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General election 2015: what will it mean for school governance?

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With the May general election fast approaching, I thought now would be a good time to consider what the outcome could mean for the next few years of school governance.

Firstly though, it’s important to look at where we are now, and what has changed over the past five years.

To me, it seems clear that school governance has a much higher profile than it did in 2010.

In 2015, governing bodies are more autonomous, held more accountable, and, on the whole are better trained and more prepared to shoulder their considerable responsibilities. In large part this is down to the strong role accorded to governors by the Coalition in delivering the ‘self-improving’ school system.

That said, the Trojan horse affair, and cases of poor financial probity in some academy trusts, have raised pertinent questions about the overall effectiveness of school oversight. (Who governs the governors?)

While it’s unlikely we’ll hear much about school governance during the election campaign, the next five years will be key to the future of school governance.

So what would victory for either of the major parties mean?

The Conservatives

Should we simply expect more of the same if the Conservatives retain control of the Department for Education? I think the answer to that is a definite ‘yes’.

All indications are that the Conservatives will continue to pursue their vision of a self-improving school system, underpinned by strong, autonomous governing bodies firmly held to account by central government.

It’s likely that governors in under-performing schools will continue to find their positions under threat. David Cameron has spoken of his intention to extend the criteria under which schools can be forced to convert to academy status under a sponsor, and regional commissioners are now in place to ensure this can happen more efficiently. We can probably expect more of the showdowns that marked the past five years.

A continuing focus on autonomy and academies means that the promotion of the skills-based, business-style governance culture that will trump any return to stakeholder representation. And with that, we are likely to see fewer staff and parents on governing bodies.

Responsibility will stay with the governing body itself to ensure it has the right skills and performs effectively –  it’s unlikely that training will be prescribed or mandated.

And the growth of multi-academy trusts will continue apace, which means the further development of new and inventive governance structures.  But it's likely that criticisms will get louder that some of these new structures are opaque, bewildering and even dis-empowering.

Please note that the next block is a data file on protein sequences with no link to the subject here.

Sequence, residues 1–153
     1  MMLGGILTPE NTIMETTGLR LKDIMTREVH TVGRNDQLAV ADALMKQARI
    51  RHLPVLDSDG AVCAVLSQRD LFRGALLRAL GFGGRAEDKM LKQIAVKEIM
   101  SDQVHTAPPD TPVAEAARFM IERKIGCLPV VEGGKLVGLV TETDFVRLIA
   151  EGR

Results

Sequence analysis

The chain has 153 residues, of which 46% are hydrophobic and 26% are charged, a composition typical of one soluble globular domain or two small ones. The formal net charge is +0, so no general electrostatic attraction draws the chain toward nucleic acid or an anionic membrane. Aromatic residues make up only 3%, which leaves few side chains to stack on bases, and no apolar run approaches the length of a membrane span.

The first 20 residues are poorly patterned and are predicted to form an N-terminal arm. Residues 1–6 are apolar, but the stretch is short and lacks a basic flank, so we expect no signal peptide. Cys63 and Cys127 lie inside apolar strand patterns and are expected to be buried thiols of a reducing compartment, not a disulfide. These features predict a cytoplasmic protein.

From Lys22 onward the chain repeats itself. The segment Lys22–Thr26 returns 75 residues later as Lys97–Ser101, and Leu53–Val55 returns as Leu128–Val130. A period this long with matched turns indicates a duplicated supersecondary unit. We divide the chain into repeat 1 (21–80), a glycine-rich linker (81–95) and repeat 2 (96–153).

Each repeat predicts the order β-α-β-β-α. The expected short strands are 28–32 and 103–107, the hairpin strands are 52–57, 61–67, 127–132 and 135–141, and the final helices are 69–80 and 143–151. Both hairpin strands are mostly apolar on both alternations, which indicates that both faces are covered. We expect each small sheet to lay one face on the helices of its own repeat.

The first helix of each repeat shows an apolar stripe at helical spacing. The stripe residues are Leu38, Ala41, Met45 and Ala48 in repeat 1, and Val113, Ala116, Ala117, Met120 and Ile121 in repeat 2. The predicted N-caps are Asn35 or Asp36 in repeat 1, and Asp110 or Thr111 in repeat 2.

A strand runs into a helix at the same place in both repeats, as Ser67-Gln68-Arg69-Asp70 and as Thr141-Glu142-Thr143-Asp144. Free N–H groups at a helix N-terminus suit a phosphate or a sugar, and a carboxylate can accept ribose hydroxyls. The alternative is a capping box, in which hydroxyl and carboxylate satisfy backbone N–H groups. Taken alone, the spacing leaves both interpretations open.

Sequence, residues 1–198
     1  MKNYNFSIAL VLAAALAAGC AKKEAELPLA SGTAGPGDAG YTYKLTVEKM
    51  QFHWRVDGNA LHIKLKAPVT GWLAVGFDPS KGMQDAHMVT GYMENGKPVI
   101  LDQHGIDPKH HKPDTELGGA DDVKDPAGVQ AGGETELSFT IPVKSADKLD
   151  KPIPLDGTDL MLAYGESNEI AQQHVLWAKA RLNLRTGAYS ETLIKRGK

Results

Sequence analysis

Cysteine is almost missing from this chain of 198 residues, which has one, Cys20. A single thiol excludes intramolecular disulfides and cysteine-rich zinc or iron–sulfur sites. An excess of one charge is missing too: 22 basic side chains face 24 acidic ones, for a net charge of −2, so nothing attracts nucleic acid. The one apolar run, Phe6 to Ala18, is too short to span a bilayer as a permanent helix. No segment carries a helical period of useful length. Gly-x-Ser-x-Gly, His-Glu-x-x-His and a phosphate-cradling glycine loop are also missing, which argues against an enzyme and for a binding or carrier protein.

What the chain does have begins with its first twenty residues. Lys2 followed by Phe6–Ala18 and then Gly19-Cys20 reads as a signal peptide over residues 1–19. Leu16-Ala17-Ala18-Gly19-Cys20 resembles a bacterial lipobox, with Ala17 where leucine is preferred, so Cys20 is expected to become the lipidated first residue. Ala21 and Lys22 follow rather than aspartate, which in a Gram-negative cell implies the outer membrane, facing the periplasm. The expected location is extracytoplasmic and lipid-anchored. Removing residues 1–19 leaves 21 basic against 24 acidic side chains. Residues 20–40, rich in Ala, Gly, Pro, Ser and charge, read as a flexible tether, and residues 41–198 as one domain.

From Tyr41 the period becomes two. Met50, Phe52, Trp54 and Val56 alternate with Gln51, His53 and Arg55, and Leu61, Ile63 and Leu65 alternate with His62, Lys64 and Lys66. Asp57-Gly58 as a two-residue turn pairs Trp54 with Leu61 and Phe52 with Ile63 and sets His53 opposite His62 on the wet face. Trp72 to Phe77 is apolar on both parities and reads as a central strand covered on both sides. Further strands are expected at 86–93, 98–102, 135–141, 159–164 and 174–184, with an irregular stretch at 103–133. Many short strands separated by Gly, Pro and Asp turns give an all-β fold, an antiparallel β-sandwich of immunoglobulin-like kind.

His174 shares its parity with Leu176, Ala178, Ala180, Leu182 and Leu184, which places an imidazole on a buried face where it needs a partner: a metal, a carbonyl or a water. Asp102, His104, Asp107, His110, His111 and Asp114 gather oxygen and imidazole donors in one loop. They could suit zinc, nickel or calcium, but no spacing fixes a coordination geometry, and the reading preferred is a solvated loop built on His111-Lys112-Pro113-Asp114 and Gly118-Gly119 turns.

If Labour forms the next government, how far would it accommodate the reforms of the past five years?

Some have suggested (including on this blog) that the vast majority of the Coalition’s reforms of the schools sector will remain in place. At times, Labour has even given the impression it will go further, by pledging to give all maintained schools the powers that academies have.

Nevertheless, the party has accepted proposals that, if implemented, have the potentially to set school governance on a different course.

Central to David Blunkett’s widely trailed report on the structure of the school system, are new Directors of School Standards (DSS) who will have responsibility for the performance of all schools in an area. If the plans are enacted, the DSS would form a new, local layer of governance and 0versight between central government and school.

Academy governors, who, over the past few years, have got used to minimal intervention, will have to cooperate with DSS. Multi-academy governors will feel this the most – some may find it hard to work with what they may feel is a rival local driver of school improvement. But even maintained schools will be expected to cooperate and collaborate much more than they currently do.

Other proposals include the development of a new national training programme for governors, more local coordination around the provision of information to governors, and the introduction of new requirements about communication with parents.

While Labour insists autonomy will remain a key feature of the school system, and that a strengthened local framework will support innovation and collaboration rather than hinder it, others may feel that this amounts to a step backwards.

Governors at the centre

While the parties have issued alternative visions of the school system, it’s worth recognising that both feature strong, autonomous governing bodies at their core.

Some may argue that the Conservatives haven’t fully addressed the need for proper accountability and oversight, and their policies will continue the fragmentation of the school system. Others may say that Labour’s proposals will tend to recreate local bureaucracy.

Either way, while we won't hear much about them during the election campaign, it's clear that governors will remain at the centre of the school system after 7 May.

Further reading to help

An article on The Key for School Governors looks at the main parties' election proposals for schools.

We also look at the specific proposals for school inspection in this article.

If you are a school leader, we have an election 2015 area here.

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